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Do You Know Your Egg Health I.Q.?

Do You Know Your Egg Health I.Q.?

We thought it would be fun to create a quiz to ask what you know about the female egg (ovum). Try to answer the following 11 questions. Don’t get attached to what you may not know because I venture a guess that many others didn’t know either. Quizzing yourself will hopefully help you know your anatomy more intimately and understand the importance of supporting ovarian and egg health naturally with fertility superfoods, nutritional supplements, and natural therapies prior to conception. It is in your power to do so and fairly easy too! What do you know about your eggs?

1. Unlike the sperm cell, among the smallest of cells in the male body, the egg is among the largest of cells in the female body and is actually visible to the naked eye.


2. Oocytes are immature cells formed within a female’s ovaries when she’s a fetus in her mother’s womb.


3. The mature egg released at ovulation is called what?


4. The _____ releases the ovum at ovulation where it is capable of being fertilized by sperm in the _____ _____.

follicle/uterine lining
ovary/fallopian tube
corpus luteum/uterine lining
follicle/fallopian tube

5. Egg count starts decreasing as soon as they’re created , while a female is a fetus still in the womb?


6. What is the #1 predictor of egg health that members of the scientific community rely upon?

follicle count
AMH levels

7. Is a woman born with all the eggs she will ovulate throughout her reproductive lifetime?


8. The female body protects an oocyte from the effects of free radicals, fertility anti-nutrients, heat, stress and lack of nutrition that can contribute to poor egg quality, a couple’s inability to conceive, poor implantation or development of an embryo, miscarriage or birth abnormalities/defects.


9. An egg cell or ovum is the female sex cell, a gamete, each of which is genetically unique and contains half the unique copy of genes a mother will share with her child.


10. The key time frame to work to improve egg health starts ___ days before ovulation?


You did it! Now compare your choices to the answers below!


1. True

2. True

3. b or d

4. b or d
The fluid-filled follicle nurtures the maturing ovum before it grows enough so it protrudes slightly from the ovary and bursts releasing the egg. This is ovulation.

5. True

6. c
A female fetus’ ovaries are home to roughly 7 million eggs while she is still in her mother’s womb. She will be born with around 1 million eggs. By the time she reaches menstruation, a female’s follicle count — the sac of cells surrounding each egg within the ovary that nurtures an egg that will be ovulated to maturity — is roughly 200,000. Of that 200,000 only less than 500 will be ovulated in a healthy, average woman’s lifetime. And as you know only a small, very small, number of those will be fertilized.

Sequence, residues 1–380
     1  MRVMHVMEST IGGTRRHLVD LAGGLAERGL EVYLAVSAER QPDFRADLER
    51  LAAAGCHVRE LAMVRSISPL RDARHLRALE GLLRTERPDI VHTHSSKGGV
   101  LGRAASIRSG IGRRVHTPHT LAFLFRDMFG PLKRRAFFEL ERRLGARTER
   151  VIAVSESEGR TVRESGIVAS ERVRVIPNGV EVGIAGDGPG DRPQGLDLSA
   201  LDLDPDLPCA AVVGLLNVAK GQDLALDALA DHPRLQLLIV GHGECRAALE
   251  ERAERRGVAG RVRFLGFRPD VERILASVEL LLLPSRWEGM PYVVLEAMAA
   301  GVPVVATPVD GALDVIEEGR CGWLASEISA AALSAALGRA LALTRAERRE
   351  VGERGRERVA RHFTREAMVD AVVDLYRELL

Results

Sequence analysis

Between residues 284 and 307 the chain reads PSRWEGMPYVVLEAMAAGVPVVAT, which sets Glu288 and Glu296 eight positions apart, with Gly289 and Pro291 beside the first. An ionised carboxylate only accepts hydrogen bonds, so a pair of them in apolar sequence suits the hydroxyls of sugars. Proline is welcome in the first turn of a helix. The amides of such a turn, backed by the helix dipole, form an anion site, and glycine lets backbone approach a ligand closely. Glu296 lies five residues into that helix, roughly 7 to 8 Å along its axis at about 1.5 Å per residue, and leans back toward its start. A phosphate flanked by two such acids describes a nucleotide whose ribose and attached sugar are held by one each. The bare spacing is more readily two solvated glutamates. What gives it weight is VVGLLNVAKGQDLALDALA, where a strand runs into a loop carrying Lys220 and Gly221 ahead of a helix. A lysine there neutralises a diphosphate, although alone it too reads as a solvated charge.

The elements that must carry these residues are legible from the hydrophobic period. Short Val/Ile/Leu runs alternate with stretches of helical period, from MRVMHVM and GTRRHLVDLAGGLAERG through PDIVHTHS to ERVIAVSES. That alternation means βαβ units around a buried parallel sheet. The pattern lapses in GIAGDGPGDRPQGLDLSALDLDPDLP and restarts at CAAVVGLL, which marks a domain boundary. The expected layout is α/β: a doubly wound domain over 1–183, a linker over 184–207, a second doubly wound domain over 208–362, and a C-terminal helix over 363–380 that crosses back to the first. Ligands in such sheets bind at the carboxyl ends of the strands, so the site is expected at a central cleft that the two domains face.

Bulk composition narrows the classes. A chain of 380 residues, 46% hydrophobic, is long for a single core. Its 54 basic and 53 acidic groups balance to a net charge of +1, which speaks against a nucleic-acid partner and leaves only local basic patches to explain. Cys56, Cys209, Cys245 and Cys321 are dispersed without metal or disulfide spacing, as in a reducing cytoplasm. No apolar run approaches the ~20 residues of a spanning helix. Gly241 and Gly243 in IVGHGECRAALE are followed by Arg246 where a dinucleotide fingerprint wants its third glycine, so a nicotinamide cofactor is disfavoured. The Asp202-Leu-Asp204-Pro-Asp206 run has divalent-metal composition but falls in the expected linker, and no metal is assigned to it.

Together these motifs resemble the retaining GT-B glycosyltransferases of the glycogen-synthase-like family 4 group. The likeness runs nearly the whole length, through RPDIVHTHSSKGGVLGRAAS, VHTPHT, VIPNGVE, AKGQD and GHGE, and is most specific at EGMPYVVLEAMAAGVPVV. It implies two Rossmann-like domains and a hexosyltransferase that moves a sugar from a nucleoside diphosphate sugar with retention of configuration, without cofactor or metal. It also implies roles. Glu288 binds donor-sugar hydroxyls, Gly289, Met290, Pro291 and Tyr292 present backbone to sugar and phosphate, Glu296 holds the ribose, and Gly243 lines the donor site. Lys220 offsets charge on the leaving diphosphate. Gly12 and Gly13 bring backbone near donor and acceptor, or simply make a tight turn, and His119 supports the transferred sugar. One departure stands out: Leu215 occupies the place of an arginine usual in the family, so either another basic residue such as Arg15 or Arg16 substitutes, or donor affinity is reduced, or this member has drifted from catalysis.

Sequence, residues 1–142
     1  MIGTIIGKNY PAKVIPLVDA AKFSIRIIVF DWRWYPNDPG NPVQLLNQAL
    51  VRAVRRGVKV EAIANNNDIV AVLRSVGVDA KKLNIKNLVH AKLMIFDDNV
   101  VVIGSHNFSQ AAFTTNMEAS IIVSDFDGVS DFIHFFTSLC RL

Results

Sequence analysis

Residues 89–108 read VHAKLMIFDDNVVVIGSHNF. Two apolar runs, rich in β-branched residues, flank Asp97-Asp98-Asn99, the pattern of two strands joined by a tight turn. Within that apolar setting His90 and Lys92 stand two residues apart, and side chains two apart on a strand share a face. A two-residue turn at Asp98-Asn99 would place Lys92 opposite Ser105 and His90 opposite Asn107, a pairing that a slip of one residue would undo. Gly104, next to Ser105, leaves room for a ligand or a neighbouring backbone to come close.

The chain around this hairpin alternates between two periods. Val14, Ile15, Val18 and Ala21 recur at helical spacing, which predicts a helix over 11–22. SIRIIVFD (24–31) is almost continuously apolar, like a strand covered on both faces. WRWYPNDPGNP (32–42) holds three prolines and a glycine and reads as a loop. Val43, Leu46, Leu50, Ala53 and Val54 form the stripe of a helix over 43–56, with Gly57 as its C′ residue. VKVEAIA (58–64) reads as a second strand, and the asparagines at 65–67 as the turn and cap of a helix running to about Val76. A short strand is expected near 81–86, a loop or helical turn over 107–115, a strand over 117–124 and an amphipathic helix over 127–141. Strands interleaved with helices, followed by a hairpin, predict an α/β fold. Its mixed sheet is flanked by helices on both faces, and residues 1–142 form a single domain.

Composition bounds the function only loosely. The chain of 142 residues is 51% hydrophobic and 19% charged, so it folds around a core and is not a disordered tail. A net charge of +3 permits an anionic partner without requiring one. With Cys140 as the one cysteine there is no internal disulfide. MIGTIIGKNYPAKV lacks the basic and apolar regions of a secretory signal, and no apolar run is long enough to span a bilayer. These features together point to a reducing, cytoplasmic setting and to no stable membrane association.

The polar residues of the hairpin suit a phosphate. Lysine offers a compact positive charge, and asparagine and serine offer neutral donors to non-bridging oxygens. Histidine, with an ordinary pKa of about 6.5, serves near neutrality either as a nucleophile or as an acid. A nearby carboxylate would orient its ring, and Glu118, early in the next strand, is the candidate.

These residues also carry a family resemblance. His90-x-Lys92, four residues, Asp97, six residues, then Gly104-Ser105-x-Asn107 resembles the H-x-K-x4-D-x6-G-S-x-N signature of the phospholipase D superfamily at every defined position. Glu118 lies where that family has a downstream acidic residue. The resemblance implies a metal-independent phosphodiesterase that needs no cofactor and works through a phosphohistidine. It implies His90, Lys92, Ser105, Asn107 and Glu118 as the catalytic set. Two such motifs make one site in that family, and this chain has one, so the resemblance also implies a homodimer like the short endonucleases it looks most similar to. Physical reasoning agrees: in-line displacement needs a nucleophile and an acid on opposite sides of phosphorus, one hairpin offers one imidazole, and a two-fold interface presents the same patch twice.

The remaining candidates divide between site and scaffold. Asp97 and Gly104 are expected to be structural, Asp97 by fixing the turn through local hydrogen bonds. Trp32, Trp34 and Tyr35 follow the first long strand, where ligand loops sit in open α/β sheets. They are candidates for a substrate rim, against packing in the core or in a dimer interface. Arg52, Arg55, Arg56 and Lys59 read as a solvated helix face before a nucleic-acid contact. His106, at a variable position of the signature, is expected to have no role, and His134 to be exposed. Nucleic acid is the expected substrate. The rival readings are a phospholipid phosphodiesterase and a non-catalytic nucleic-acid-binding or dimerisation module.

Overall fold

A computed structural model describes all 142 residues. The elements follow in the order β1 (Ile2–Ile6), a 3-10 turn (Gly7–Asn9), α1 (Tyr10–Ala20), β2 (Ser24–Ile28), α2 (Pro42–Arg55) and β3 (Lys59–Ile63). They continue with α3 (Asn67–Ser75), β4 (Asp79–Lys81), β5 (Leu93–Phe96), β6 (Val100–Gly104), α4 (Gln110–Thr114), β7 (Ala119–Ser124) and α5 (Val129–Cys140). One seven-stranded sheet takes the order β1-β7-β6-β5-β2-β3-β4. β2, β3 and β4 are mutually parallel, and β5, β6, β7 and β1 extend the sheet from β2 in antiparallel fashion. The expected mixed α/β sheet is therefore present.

7. Yes
A woman’s eggs age naturally, just as the rest of her body does.

8. False (I was being a little tricky.)
The human body is designed to and tries hard to protect eggs, but often can’t because it gets overwhelmed by the toxins of our modern diet/lifestyle/stress levels/environment.

9. True
And now two unique copies of genes a mother gives her children are exactly the same (well unless she has identical twins). This is why you are distinctly different from your siblings.

10. c
During this time the eggs are changing rapidly, growing quickly, and are most susceptible to your lifestyle and the nutrients from your diet.

Moving forward…

By now, I can imagine you are wondering what you can do to support egg health or boost egg health if you have been told your egg health or egg quality is low. There are many things!

Start here: How to Increase Your Egg Health in 90 Days
(where you’ll also have a chance to sign up for and download our Free Egg Health Checklist!)

Dr. Christine Traxler M.D., OB/GYN
Dr. Christine Traxler M.D., OB/GYN

Dr. Traxler is a University-trained obstetrician/gynecologist, working with patients in Minnesota for over 20 years. She is a professional medical writer; having authored multiple books on pregnancy and childbirth; textbooks and coursework for medical students and other healthcare providers; and has written over 1000 articles on medical, health, and wellness topics.  Dr. Traxler attended the University of Minnesota College of Biological Sciences and University of Minnesota Medical School,  earning a degree in biochemistry with summa cum laude honors in 1981,  and receiving her Medical Doctorate degree (MD) in 1986.

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